Texas Speeding Laws: How Effective Are They?

Reviewed by Louis Patino, JD, DC

Louis Patino, JD, DC
A former U.S. Army Combat Medic, Dr. Louis Patino is a distinguished attorney recognised by Top Attorneys of America, Expertise, and the American Institute of Trial Lawyers. He has a Doctor of Jurisprudence from Texas Southern University and a Doctor of Chiropractic from Parker College of Chiropractic.

As a new law is introduced giving Texas Department of Transportation (TxDOT) engineers the authority to alter speed limits during dangerous road conditions, the legal team at McAllen and San Antonio personal injury law firm Patino Law explain the speed limit in Texas, the penalties for violating it, and whether or not Texas speeding laws are effective based on the number of accidents that occur on our roads every day.

See if you’re entitled to recover compensation from a speeding driver by booking a free, no-obligation case review with our skilled personal injury lawyer. Click here to find out where you stand.

What Is the Speed Limit in Texas?

Speed limits in Texas are governed by Title 7 (Vehicles and Traffic, Subtitle C: Rules of the Road, Chapter 545: Operation and Movement of Vehicles, Subchapter H: Speed Restrictions) of the Texas Transportation Code and are as follows:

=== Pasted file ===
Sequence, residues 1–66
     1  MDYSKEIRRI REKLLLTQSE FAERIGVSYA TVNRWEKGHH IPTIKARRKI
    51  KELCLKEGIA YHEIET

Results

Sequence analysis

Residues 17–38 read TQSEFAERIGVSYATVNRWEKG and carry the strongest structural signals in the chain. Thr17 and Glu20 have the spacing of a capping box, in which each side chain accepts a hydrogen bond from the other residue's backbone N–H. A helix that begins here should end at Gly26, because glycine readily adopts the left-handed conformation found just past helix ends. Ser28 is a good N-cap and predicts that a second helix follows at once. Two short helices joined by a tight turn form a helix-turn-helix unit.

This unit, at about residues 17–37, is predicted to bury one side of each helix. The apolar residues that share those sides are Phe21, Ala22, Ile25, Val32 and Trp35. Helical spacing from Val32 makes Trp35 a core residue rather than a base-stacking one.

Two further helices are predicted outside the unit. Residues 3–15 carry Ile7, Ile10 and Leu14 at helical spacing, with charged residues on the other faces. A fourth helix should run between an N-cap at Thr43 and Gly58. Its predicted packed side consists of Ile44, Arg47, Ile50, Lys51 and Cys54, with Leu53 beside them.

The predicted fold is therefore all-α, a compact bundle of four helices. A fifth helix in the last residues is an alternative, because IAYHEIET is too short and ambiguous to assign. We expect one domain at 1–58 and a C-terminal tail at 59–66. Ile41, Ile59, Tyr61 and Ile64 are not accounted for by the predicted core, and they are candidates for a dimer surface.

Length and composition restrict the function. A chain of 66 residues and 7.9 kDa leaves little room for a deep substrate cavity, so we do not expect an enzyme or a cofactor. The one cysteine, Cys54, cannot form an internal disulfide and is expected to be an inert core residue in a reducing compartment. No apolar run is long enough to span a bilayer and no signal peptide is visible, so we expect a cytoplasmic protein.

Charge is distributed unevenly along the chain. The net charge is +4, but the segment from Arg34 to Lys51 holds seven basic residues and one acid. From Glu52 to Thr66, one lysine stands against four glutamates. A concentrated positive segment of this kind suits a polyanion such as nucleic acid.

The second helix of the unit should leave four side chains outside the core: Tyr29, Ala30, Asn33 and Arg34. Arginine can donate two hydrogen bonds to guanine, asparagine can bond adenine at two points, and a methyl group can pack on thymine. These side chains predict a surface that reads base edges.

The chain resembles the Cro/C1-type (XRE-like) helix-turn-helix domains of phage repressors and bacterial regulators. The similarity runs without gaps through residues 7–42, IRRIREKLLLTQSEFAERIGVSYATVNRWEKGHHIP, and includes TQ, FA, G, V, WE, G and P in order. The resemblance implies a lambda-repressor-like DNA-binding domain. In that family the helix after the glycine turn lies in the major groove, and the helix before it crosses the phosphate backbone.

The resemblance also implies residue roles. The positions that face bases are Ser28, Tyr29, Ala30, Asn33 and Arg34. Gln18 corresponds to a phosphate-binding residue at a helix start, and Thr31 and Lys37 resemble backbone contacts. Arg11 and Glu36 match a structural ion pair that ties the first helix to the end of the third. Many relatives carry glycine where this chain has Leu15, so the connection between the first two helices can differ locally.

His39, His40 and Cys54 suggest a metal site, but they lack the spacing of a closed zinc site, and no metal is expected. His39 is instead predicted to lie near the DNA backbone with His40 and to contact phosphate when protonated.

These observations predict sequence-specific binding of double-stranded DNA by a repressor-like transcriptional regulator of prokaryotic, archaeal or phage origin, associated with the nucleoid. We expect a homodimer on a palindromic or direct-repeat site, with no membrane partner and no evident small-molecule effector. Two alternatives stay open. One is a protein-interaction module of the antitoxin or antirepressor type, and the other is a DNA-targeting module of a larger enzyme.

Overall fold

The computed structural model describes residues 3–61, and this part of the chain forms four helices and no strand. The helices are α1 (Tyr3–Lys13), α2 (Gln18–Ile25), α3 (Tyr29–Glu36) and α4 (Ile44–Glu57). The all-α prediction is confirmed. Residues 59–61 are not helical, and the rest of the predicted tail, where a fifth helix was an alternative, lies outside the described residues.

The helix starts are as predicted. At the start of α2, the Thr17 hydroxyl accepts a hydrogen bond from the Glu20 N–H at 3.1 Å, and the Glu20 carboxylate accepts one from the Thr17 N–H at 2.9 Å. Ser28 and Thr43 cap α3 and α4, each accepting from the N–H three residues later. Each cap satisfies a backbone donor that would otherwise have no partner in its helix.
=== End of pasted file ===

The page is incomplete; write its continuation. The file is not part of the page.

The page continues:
• 30 miles per hour (mph) in an urban district on a street
  • 15 miles per hour in an alley;
  • 70 miles per hour on a numbered state or federal highway outside an urban district (including farm-to-market and ranch-to-market roads)
  • 60 miles per hour on a non-numbered highway outside an urban district
  • 15 miles per hour on a beach
  • 15 miles per hour on a county road adjacent to a public beach. 

If the vehicle is a school bus, the restrictions are slightly different:

  • If the bus has passed a commercial motor vehicle inspection, 60 miles per hour on a numbered state or federal highway outside an urban district (including farm-to-market and ranch-to-market roads)
  • 50 miles per hour if the bus has not passed a commercial motor vehicle inspection
  • 50 miles per hour on a non-numbered highway outside an urban district.

It’s worth noting that a separate provision in the law allows the Texas Transportation Commission to establish a speed limit of as high as 85 mph on highways designed to accommodate such a speed if it is determined to be safe and reasonable.

There is currently one road in Texas where this speed limit applies, marking the highest speed limit in the country — a 41-mile portion of State Highway 130 between State Highway 45 in Austin and Interstate 10 in Seguin.

On several other highways, Texas statutorily allows speeds of up to 80 mph. These roads include the remaining stretch of State Highway 130 and sections of Interstate (I) 10, I-20, and I-35.

Is There a Minimum Speed Limit?

While there is no minimum speed drivers must comply with, Section 545.363 of the Texas Transportation Code states:

“An operator may not drive so slowly as to impede the normal and reasonable movement of traffic, except when reduced speed is necessary for safe operation or in compliance with law.”